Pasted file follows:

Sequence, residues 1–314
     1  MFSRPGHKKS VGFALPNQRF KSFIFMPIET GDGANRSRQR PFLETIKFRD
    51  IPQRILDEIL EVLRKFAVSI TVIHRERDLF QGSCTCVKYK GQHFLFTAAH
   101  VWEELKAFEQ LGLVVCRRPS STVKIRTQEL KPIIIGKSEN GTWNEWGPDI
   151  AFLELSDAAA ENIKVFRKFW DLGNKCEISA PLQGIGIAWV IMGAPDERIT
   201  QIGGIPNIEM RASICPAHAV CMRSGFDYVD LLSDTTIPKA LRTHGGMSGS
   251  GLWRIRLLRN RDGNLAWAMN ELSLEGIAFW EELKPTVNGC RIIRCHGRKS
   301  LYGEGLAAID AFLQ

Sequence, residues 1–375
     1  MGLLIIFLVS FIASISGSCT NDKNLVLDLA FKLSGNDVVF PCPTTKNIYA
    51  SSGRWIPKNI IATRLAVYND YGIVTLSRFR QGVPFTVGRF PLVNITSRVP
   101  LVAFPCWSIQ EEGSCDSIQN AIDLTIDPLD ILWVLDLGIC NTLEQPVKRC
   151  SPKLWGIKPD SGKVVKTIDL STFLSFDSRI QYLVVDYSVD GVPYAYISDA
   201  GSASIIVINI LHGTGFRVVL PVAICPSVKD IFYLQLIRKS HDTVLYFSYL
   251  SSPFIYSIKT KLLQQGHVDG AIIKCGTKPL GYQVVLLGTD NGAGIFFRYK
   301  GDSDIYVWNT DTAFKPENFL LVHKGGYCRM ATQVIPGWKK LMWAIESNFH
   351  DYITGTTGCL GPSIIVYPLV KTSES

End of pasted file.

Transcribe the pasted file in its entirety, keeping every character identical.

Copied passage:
Sequence, residues 1–314
     1  MFSRPGHKKS VGFALPNQRF KSFIFMPIET GDGANRSRQR PFLETIKFRD
    51  IPQRILDEIL EVLRKFAVSI TVIHRERDLF QGSCTCVKYK GQHFLFTAAH
   101  VWEELKAFEQ LGLVVCRRPS STVKIRTQEL KPIIIGKSEN GTWNEWGPDI
   151  AFLELSDAAA ENIKVFRKFW DLGNKCEISA PLQGIGIAWV IMGAPDERIT
   201  QIGGIPNIEM RASICPAHAV CMRSGFDYVD LLSDTTIPKA LRTHGGMSGS
   251  GLWRIRLLRN RDGNLAWAMN ELSLEGIAFW EELKPTVNGC RIIRCHGRKS
   301  LYGEGLAAID AFLQ

Sequence, residues 1–375
     1  MGLLIIFLVS FIASISGSCT NDKNLVLDLA FKLSGNDVVF PCPTTKNIYA
    51  SSGRWIPKNI IATRLAVYND YGIVTLSRFR QGVPFTVGRF PLVNITSRVP
   101  LVAFPCWSIQ EEGSCDSIQN AIDLTIDPLD ILWVLDLGIC NTLEQPVKRC
   151  SPKLWGIKPD SGKVVKTIDL STFLSFDSRI QYLVVDYSVD GVPYAYISDA
   201  GSASIIVINI LHGTGFRVVL PVAICPSVKD IFYLQLIRKS HDTVLYFSYL
   251  SSPFIYSIKT KLLQQGHVDG AIIKCGTKPL GYQVVLLGTD NGAGIFFRYK
   301  GDSDIYVWNT DTAFKPENFL LVHKGGYCRM ATQVIPGWKK LMWAIESNFH
   351  DYITGTTGCL GPSIIVYPLV KTSES